Experiment 6. Allelopathic effects of squash root exudates

One squash plant was grown until flowering in 10-cm diameter pots before removed. The soil then was loosened and sown with 20 seeds of each weed per pot. Pots filled with fresh soil were sown and considered as a control. Hoagland nutrient solution (Hewitt 1966) was added at 100 ml per pot 3-4 days after emergence and continued until harvest. At 6 weeks after emergence, weeds were harvested and data on germination and growth were taken.

Experiment 7. Allelopathic effects of decayed squash residues

Dried squash shoots were mixed with the soil at a rate of 16g kg-1. The mixture was placed in 10-cm diameter pots, and regularly irrigated for 40 days to allow residue natural decay, the soil was then loosened and each pot was sown with 20 seeds of a single weed species. Pots, with no residues added and sown with seeds of the same weed were included as a control. Pots were irrigated as needed. The experiment continued for five weeks, then terminated and data on germination and growth of weeds were recorded.

Statistics

All experiments were laid out in a randomized complete block design with four replicates. Data were statistically analysed by ANOVA, and treatments means were compared using LSD at P = 0.05.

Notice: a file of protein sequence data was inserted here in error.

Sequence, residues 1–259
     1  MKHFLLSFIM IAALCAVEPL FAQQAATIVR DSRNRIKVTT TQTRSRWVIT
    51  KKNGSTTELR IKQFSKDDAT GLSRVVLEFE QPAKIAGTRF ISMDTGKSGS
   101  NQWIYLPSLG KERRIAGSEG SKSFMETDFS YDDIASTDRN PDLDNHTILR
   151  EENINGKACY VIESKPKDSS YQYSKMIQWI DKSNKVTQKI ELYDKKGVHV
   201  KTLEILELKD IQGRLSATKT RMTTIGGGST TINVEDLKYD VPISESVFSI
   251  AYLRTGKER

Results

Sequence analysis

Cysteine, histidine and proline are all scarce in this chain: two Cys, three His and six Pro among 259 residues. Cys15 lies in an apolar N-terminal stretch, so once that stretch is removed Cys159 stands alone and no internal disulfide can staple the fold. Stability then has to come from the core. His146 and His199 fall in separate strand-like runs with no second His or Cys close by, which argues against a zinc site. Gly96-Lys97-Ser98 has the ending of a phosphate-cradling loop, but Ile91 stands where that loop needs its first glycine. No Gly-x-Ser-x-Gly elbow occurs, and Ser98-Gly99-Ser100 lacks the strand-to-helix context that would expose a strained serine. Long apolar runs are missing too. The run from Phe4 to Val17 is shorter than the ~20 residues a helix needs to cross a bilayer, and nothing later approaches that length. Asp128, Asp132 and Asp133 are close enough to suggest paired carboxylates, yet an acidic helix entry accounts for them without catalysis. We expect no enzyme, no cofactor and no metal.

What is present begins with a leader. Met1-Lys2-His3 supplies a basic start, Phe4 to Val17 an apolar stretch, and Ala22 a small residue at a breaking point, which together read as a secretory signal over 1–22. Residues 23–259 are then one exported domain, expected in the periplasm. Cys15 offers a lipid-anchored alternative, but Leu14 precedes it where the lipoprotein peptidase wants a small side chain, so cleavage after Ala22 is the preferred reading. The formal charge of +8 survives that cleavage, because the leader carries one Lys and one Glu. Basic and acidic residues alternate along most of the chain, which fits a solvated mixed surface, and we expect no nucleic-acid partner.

Results

Experiments 1. Effect of shoot extract

Weeds stem and root lengths were inhibited with extract compared with the control. The inhibitory effect increased with extract concentration (Table 1). A. retroflexus, E. sativa, M. sylvestris, and S. nigrum were most susceptible. P. oleracea germination was least affected. Roots were inhibited more than shoots.

Table 1. Effect of aqueous extract concentration of squash on different weeds grown under laboratory conditions.

Treatments

A. retroflexus

C. murale

E. sativa

G%

Stem length
(mm)

Root length
(mm)

G%

Stem length
(mm)

Root length
(mm)

G%

Stem length
(mm)

Root length
(mm)

Control

65

19

18

69

26

24

93

28

26

1

61

22

16

51

22

12

63

22

12

2

59

25

13

53

25

11

38

12

4

3

53

17

10

53

26

6

25

6

3

4

41

10

4

53

17

6

21

3

1

LSD (P = 0.05)

4

1

1

5

2

1

5

1

1

Treatments

M. sylvestris

P. oleracea

S. nigrum

G%

Stem length
(mm)

Root length
(mm)

G%

Stem length
(mm)

Root length
(mm)

G%

Stem length
(mm)

Root length
(mm)

Control

80

58

25

90

31

29

65

32

18

1

65

30

15

81

32

23

65

44

7

2

48

15

8

81

25

13

60

27

6

3

32

10

5

82

17

7

41

12

3

4

25

9

2

77

7

5

38

9

2

LSD (P = 0.05)